• Myst

    To me it would not be suprising if a wand is not needed for Legilimency. Look at non-verbal spells. All of a sudden in book six this is an emphasis when all the “teaching” of spells up to this point have been done with a wand.

  • Pat Pat


    I don’t think anyone doubts that Snape is using legilimency in HBP. As Antoon points out the rules and the situation are changing at this point. The question is whether Snape has been using legilimency on Harry specifically throughout the years, from PS on. It’s certainly possible. Professor Kern gives good evidence to support the theory. But there are also some questions that arise. Such as, why didn’t Snape KNOW that Harry was telling the truth when he said he didn’t break into his office in CoS.

    I think there are some perfectly reasonable answers to why Snape would have used a wand in his lessons with Harry even though legilimency MAY not require one. First, he may not have wanted Harry to know at that point that legilimency could be done wandless. Also, he may have wanted it for protection to block any spells Harry might have thrown his way, either intentionally or otherwise (such as the stinging hex).

  • whizbang121

    Pat Pat
    Such as, why didn’t Snape KNOW that Harry was telling the truth when he said he didn’t break into his office in CoS.

    If you watch Snape in action, one of his ploys is to get his victim into an emotional lather so that he can call up the memories he wants to see. He may have known that Harry was telling the truth, but wanted to see if Harry knew who, in fact, was responsible.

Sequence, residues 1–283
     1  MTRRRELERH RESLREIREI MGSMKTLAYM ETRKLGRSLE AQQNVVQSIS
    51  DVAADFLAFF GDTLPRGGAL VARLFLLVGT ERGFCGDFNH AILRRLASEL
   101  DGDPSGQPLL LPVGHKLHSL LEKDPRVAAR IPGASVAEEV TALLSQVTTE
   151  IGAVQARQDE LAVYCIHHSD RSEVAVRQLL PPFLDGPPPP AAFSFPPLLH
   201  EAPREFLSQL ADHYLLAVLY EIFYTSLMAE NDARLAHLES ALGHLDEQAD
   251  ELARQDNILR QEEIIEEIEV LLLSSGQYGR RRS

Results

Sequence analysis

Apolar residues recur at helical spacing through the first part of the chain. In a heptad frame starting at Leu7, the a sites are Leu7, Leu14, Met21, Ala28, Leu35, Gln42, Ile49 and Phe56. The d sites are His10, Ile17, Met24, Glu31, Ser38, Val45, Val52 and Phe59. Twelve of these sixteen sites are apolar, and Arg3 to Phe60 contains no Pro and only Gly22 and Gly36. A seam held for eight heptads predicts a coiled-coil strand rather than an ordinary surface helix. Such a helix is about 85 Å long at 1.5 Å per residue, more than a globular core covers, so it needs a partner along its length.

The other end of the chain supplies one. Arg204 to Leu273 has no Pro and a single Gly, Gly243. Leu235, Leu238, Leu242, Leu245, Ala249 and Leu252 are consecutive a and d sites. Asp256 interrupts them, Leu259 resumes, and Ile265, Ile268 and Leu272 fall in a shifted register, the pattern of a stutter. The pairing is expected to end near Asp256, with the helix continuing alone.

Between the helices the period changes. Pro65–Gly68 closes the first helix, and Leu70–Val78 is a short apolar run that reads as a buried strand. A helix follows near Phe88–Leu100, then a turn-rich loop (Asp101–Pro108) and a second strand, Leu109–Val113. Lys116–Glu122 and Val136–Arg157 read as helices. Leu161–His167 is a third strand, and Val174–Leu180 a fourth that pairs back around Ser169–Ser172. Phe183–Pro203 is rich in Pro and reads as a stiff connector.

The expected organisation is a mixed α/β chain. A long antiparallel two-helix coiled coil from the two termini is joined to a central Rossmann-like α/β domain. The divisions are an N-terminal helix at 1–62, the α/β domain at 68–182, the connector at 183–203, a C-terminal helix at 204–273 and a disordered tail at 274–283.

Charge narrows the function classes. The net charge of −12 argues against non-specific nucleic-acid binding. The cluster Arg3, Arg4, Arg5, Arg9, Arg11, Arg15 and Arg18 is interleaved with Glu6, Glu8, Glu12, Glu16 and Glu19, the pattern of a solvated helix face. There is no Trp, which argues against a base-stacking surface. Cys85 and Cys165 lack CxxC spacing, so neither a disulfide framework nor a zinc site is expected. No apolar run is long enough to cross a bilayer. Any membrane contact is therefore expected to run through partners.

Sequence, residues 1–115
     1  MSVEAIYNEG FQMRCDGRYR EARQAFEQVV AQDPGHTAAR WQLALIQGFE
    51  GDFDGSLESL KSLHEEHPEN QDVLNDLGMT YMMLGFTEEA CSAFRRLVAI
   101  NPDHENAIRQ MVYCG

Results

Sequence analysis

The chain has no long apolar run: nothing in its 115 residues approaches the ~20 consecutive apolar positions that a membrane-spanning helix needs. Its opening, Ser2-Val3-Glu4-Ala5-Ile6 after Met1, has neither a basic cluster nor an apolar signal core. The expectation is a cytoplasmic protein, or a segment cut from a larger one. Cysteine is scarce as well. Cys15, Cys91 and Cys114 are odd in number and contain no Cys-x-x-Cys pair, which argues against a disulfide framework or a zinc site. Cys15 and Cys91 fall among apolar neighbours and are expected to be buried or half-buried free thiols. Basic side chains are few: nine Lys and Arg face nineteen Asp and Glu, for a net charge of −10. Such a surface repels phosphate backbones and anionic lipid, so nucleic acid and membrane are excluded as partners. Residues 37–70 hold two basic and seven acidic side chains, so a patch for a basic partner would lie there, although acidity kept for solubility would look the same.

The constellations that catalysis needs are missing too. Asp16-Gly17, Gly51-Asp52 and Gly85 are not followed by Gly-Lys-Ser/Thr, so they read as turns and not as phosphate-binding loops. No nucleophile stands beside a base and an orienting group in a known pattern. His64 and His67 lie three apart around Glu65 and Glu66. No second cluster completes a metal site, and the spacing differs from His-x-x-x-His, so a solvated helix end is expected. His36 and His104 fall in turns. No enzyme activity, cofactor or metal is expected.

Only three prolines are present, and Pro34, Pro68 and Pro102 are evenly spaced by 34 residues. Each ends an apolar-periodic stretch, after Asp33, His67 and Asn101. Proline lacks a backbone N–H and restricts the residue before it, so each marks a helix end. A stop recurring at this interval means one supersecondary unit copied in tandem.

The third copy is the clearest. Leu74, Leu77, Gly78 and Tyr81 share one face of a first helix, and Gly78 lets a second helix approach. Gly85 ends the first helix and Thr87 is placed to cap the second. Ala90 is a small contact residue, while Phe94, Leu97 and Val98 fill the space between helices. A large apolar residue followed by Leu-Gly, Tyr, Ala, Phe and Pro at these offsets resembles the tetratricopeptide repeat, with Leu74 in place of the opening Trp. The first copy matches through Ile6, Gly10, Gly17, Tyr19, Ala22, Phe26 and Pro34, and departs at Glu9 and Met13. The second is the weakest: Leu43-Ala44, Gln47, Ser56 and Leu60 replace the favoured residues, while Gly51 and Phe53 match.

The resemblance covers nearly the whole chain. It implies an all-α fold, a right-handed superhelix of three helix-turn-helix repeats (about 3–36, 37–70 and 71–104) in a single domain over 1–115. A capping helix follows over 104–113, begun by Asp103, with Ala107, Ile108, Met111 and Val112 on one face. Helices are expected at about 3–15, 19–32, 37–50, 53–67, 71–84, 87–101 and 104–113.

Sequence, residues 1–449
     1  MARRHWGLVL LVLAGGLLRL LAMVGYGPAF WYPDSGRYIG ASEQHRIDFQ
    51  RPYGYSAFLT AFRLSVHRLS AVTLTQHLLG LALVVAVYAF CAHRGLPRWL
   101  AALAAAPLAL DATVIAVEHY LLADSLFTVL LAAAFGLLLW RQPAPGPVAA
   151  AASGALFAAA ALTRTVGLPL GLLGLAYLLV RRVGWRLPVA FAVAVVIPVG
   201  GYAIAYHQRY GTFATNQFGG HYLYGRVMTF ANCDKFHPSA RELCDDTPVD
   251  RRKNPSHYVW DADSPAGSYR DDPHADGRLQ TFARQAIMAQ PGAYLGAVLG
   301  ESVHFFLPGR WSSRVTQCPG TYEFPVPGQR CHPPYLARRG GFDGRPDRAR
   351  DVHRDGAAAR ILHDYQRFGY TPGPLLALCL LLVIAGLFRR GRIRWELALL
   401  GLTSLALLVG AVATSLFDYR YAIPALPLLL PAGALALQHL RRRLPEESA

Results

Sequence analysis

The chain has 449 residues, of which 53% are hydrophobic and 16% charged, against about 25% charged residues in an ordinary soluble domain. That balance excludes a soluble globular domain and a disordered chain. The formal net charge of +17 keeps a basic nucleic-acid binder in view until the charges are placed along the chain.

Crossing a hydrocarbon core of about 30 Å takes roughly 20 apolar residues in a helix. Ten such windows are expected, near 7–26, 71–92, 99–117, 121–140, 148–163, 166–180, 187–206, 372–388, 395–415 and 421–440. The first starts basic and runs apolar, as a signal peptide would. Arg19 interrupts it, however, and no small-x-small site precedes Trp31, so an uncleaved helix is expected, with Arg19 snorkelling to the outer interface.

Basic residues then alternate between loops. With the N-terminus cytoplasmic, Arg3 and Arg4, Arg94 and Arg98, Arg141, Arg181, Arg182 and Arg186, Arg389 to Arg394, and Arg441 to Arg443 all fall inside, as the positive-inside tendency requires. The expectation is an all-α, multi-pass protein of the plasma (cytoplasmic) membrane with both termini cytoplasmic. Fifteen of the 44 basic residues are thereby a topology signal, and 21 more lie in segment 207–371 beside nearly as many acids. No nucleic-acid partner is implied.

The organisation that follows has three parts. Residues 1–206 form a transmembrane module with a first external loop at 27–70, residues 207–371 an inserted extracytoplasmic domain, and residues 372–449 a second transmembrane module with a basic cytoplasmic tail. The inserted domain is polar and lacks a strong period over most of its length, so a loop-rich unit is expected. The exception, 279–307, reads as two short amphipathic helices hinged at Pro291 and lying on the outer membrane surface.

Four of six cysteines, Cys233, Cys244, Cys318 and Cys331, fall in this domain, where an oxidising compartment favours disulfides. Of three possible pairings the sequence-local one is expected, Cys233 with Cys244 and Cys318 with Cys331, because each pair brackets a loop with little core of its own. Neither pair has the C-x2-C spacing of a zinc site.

Beyond that, if Snape is himself in an emotional state, he seems less able to do the spell satifactorily. It’s when he’s in a state of calmness, making eye contact, that he’s most likely to give Harry the impression that he can read Harry’s thoughts.

    Things have certainly changed in HBP, but I don’t think that Snape has. There’s no difference in the descriptions of his actions or methods in this regard.

    Added to all this, if we are to believe Snape in Spinner’s End, he wasn’t sure what powers Harry had or whether he might actually turn out to be a new Dark Lord. He couldn’t know what abilities Harry might suddenly exhibit, especially if he was aware that the DL had transferred some of his powers to our hero. I suspect that this is why he put some of his own thoughts into the pensieve before Occlumency lessons and possibly why he used a wand, though to be honest, I think he had the wand for a different reason.

    Voldemort had already seen Dumbledore through Harry’s eyes, (and Dumbledore’s method of prevention was to simply not look into Harry’s eyes.) Why wouldn’t Snape consider the possibility that the DL would do the same to him, when he was in Harry’s presence and least expected it? Constant Vigilance!

    Oh, and I think he had the wand to do a Confundus Charm. I think Snape has been planting a lot of things, prophesies, corridor dreams, much as Voldemort could make people remember committing murders that they hadn’t. *eyebrows*

  • Moony